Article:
The 5 Design Principles in Landscape Architecture

The 5 Design Principles in Landscape Architecture

The 5 Design Principles in Landscape Architecture
Written by Andreas Papastavrou Category Blog Read 849 times font size decrease font size decrease font size increase font size Print E-mail
The 5 Design Principles in Landscape Architecture
The configuration of the garden or any other outdoor space is a process that ultimately has a strong personal character. In other words, the garden is the reflection of the personality of the owner and the designer, expressed as preferences, dislikes, habits and peculiarities.

However, there is no doubt that whatever the outcome of landscaping, there are rules that if we break them then the outside space is very likely to cause problems for users. Caution: there is no question of liking or not, but of functionality. These rules are referred to as the five basic principles of landscape architecture that we will look at in this article.

Beginning of Balance: To understand the term think of a balance, at both ends of which are placed elements of the garden and exert a visual effect. If I choose the absolute balance then the visual effect is distributed equally at both ends (left and right usually), and if I choose to tilt the beam to one side the look will also focus like distracting. In particular, in the design we find perfectly symmetrical patterns, asymmetric patterns with equilibrium of the result, asymmetric imbalance patterns and background-foreground relationship.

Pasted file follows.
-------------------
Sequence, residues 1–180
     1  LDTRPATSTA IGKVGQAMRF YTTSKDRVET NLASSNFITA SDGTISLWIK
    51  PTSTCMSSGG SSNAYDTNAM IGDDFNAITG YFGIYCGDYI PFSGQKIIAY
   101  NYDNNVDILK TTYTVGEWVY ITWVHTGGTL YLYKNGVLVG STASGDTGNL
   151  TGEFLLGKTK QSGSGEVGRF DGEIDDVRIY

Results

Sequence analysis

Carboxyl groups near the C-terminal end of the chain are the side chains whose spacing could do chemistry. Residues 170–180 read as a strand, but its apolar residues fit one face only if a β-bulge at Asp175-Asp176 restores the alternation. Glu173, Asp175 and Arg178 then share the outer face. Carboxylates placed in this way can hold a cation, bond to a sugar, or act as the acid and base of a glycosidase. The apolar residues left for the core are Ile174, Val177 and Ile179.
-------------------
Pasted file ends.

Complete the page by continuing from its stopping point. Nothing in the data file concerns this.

Beginning of focus: a garden usually has a reference point or attraction of the visitor. For example, the enclosure of a museum is a supportive element for the appearance of the museum itself. In a private garden it is customary to focus the design at the entrance of the house or on a separate element such as a particular plant or structure. Beware of exaggerations, which are often encountered in new landscape designers.

Principle of simplicity: My "student" at the Seminar on Outdoor Configuration has made it amazing: less is more !. There is no traveled way to show how simplicity is achieved in the garden. The simplest and most common approach is to limit the use of many different plants, materials, colors and other elements.

Principle of rhythm: the ultimate goal of observing this principle is to make the garden recognizable and familiar. Like your favorite song, the purpose of which you recognize from the first notes. Achievement of the goal will come in rhythmic design: repeat flower beds with a similar pattern (eg curves), plants within the flowerbeds of the same species, adopt a specific design tactic for a particular pattern along its entire length and width.

Principle of proportion: it is perhaps the most well-known concept to the general public. Imagine that the landscape architect creates a playground where the construction will be adult size. It will be immediately inhospitable to those for whom it was created: the children! In general, the introduction of the scale into the design of outdoor spaces aims at achieving a sense of warmth and hospitality for users. Just think about how you feel when you walk between huge trees and between trees that are just a little higher than you.

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